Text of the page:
Well, BenQ was a failure.
Well, you don’t know the next ten years.
Well, the merger with Siemens was a mistake.
Well, you’re talking about the working style of the Japanese, well, think about the consumer electronics industry. They have a lot of innovative products. You say they’re discipline, and have lots of new ideas. It’s very interesting, they can leverage the discipline, and they have lots of great new concepts. And the other one is for china. One of the biggest private company in china is Huaway, it’s a telecom company. Now it’s the biggest telecom company in china. But it is fully private. The scale is very large. You say in Taiwan, our company is mostly small and medium sized. But Huaway’s scale is very large. So they can compete with the global industry. So you can say the telecom industry now in the global market worldwide, the biggest is Motorola, Nokia, but Huaway the scale is large enough to compete with these companies. So in Taiwan you mentioned Foxcom, and Xycell is become to one part of the third party to Huaway, is not compete with. So scale is sometimes important to global market.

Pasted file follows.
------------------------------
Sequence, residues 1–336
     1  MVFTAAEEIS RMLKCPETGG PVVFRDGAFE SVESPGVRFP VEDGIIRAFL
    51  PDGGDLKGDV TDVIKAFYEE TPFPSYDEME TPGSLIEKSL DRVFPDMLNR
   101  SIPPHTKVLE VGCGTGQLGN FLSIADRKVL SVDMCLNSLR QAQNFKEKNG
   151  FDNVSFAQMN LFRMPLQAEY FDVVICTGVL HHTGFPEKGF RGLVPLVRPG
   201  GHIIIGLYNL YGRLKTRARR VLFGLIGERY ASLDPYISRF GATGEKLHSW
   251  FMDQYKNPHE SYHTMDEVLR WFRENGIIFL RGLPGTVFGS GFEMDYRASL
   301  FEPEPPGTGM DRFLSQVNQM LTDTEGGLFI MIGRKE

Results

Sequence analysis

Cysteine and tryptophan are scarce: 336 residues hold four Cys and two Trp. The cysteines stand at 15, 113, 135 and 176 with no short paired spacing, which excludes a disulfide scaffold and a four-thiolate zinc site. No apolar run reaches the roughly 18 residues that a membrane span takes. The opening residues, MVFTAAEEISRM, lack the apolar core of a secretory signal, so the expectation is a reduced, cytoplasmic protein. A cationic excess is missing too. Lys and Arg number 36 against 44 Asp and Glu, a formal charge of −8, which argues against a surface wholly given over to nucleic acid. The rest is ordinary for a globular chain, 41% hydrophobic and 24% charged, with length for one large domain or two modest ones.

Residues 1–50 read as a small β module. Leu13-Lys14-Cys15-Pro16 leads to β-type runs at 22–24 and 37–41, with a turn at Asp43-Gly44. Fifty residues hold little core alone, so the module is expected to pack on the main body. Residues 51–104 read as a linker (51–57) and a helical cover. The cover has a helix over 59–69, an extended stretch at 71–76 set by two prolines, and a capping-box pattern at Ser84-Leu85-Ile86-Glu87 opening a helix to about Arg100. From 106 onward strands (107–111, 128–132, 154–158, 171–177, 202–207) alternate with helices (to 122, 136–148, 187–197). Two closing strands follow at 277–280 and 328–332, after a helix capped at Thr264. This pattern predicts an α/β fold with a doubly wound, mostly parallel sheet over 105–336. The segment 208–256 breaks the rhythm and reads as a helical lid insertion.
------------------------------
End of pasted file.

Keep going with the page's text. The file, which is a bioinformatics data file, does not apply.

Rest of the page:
The point I mentioned is not to, of course, you want to compete other international company, you have to upgrade your company’s globalization degree, but I emphasize the efficiency or the effectiveness. Most big companies were originally small. Also Acer is not international brand company, but they also started small, founded by doing some oem business. So of course the Samsung, I don’t know if you remember, he also damaged from the financial crisis of 97 in Asia and Korea. But now it has become the international, the first-tier company, I think its because of, of course the resources is coming form Korean gvt, but most important, it has built his own brand, and his strong of product develop capability. That’s the root cause for become the leading position in many industry. Okay, so, I don’t think the finance supporting or the conversion for explain the success.